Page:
WASHINGTON, DC – Thursday, March 31, 2016 – U.S. Senator Richard Shelby (R-Ala.), Chairman of the Senate Appropriations Subcommittee on Commerce, Justice, and Science (CJS), today sent a letter to Attorney General Loretta Lynch in response to President Obama’s announcement yesterday that he granted sentence commutations to 61 individuals, 12 of whom were convicted of one, if not more, firearm-related offenses.
After sending the letter, Senator Shelby released the following statement:
“The American people expect their leaders to do everything in our power to keep them safe. Unfortunately, President Obama has used his executive clemency initiative to reduce the sentences of a total of 33 individuals who were convicted of firearm-related offenses to date. At the same time, this President has repeatedly attempted to infringe upon the American people’s Second Amendment rights through executive fiat. I am deeply concerned with the mixed messages being sent by this Administration’s decision to let criminals with firearm-related convictions off easy while attempting to make it more difficult for law-abiding citizens to protect themselves. I believe that this Administration’s decision completely contradicts efforts to achieve a critical goal: keeping our communities safe.”
Chairman Shelby’s letter to Attorney General Lynch can be found below, and a PDF version can be read here.
March 31, 2016
The Honorable Loretta E. Lynch
U.S. Department of Justice
950 Pennsylvania Ave., NW
Washington, DC 20535-0001
Dear Attorney General Lynch:
I am writing to you in response to yesterday’s announcement that President Barack Obama granted sentence commutations to 61 individuals. I have strong concerns that 12 of these 61 individuals were convicted of one, if not more, firearm-related offenses. These include:
- Seven convictions of possession of a firearm in furtherance of a drug trafficking crime;
- Four convictions of possession of a firearm by a felon; and
- Two convictions of use of a firearm in furtherance of a drug trafficking offense.
In August 2014, the Department of Justice announced its rubric for considering federal inmates for the President’s new initiative for executive clemency. Part of these criteria included: non-violent individuals who would not pose a threat to public safety if released; low-level offenders without significant ties to large-scale criminal organizations, gangs, or cartels; inmates who do not have a significant criminal history; and those who have no history of violence prior to, or during, their current term of imprisonment.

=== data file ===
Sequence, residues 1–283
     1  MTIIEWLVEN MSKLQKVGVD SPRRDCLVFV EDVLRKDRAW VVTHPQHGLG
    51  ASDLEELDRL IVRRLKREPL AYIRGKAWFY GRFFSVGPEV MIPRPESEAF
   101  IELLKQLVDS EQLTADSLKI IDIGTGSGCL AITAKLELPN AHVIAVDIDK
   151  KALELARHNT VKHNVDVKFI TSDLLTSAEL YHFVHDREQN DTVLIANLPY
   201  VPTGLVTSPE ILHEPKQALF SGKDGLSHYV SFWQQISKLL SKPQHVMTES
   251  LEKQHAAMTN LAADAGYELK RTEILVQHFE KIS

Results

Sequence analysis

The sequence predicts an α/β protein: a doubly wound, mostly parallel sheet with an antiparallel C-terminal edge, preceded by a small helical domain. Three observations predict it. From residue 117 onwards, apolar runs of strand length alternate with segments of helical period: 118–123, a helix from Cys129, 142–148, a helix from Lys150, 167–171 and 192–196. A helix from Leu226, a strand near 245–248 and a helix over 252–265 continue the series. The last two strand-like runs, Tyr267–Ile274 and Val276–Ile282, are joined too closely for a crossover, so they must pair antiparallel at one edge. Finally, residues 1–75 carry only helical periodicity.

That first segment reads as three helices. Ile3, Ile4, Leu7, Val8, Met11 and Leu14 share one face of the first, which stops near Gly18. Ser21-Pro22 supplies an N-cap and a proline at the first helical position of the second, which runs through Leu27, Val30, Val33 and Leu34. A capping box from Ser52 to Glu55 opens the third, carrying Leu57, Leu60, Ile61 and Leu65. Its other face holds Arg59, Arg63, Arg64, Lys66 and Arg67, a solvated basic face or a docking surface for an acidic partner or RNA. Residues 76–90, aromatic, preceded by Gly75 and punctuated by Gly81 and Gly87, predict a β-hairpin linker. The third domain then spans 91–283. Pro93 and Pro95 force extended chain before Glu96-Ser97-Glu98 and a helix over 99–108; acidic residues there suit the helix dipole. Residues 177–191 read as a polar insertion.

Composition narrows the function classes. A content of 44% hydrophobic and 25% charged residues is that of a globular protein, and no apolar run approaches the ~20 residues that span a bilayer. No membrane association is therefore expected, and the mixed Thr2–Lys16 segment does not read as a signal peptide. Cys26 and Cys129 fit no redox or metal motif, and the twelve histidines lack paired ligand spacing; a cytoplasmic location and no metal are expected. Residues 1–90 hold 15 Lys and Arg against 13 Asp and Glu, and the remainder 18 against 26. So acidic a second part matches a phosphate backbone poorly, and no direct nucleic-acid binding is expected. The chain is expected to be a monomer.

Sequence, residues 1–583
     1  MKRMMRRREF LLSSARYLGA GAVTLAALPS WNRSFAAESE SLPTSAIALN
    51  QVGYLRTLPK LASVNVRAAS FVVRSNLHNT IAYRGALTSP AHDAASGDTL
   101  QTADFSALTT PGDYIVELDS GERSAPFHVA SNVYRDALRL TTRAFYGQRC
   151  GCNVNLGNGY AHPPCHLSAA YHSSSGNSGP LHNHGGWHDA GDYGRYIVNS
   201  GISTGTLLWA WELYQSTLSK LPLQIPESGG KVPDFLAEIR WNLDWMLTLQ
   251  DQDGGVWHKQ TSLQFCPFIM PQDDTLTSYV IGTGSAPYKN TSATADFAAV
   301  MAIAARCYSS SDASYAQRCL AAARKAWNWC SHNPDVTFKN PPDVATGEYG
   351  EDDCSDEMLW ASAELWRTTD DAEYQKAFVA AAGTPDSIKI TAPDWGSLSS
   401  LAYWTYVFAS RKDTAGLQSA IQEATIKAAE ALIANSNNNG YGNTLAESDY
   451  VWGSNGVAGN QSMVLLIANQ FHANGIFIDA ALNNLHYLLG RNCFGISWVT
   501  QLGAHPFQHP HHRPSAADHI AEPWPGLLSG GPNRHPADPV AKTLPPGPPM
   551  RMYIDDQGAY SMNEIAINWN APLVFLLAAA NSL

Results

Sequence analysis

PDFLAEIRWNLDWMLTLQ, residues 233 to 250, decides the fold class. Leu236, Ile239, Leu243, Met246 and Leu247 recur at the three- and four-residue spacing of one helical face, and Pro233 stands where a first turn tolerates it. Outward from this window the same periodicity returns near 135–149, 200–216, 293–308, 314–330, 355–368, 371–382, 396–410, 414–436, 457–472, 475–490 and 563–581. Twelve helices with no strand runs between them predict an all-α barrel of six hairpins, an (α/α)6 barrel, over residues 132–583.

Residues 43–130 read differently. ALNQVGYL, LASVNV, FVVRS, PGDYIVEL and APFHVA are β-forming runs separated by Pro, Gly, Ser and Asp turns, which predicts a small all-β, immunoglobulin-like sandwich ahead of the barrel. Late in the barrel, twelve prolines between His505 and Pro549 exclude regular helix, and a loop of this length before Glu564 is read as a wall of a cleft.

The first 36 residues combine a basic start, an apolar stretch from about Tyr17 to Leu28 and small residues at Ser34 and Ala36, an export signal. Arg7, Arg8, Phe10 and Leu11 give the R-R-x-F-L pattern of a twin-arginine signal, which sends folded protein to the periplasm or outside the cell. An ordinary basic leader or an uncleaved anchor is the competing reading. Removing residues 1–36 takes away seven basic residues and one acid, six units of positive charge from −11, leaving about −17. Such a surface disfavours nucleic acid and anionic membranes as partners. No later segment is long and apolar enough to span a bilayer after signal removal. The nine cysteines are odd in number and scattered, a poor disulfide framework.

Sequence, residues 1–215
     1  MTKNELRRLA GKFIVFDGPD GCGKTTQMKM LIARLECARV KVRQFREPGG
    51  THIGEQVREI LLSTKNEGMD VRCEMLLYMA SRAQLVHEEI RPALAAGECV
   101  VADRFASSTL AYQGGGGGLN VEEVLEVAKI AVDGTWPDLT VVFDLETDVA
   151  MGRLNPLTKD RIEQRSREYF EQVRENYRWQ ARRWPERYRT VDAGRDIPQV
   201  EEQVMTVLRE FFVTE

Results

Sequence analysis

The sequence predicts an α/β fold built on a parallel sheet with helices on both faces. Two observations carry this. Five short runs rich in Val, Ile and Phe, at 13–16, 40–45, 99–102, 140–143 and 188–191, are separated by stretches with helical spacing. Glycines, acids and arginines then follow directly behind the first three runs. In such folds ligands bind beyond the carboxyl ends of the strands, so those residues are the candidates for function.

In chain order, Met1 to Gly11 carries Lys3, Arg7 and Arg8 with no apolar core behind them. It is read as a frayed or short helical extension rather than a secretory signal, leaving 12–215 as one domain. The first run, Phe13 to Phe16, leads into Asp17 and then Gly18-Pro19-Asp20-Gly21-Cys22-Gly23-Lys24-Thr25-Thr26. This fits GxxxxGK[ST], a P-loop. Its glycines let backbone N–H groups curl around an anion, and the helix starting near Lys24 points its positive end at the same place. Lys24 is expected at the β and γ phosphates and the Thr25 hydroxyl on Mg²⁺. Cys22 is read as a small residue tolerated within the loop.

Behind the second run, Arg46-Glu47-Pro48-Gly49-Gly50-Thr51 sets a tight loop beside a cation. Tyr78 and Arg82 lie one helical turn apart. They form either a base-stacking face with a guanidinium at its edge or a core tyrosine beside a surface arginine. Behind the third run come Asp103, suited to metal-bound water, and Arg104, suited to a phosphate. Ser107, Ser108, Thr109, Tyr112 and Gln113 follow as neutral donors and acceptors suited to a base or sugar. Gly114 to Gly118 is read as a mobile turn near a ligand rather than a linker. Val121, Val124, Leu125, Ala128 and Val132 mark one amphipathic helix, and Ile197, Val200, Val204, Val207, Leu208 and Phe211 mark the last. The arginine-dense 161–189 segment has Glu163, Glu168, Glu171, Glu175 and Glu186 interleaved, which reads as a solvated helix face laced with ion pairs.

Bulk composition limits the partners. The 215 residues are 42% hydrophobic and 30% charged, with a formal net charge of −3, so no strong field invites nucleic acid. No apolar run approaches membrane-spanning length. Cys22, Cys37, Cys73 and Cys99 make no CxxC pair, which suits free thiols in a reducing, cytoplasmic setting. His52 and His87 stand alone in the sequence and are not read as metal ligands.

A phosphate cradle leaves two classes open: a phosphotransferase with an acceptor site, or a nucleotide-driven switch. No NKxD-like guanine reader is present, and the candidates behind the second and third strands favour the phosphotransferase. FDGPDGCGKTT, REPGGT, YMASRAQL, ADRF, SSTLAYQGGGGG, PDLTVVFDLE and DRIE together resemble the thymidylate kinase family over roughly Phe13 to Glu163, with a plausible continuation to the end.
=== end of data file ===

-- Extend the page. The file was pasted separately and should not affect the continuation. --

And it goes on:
By my count, the President has commuted the sentences of over 200 of these “non-violent” federal inmates, of which 33 were convicted of firearm-related offenses. I am troubled by the nature of the firearm-related convictions and the fact that some individuals are previously convicted felons who continued to commit crimes. This announcement clearly demonstrates that the Administration is not following its own selection criteria. Frankly, I am left wondering why the President and the Justice Department consider individuals who carry guns to drug deals as “non-violent”.
More importantly, it is unclear to me how these sentence commutations are making our communities safer. Two of the individuals with firearm-related convictions are residents of Alabama and will soon return home in July, their sentences reduced. Communities in my state, like other towns and cities all over America, are working hard to clean up their streets and make their communities safer. This is a constant struggle for some areas. Yet, this announcement from the President sends an unfortunate and resounding message to criminals everywhere: if you are convicted of a crime involving a gun, the federal government will go easy on you.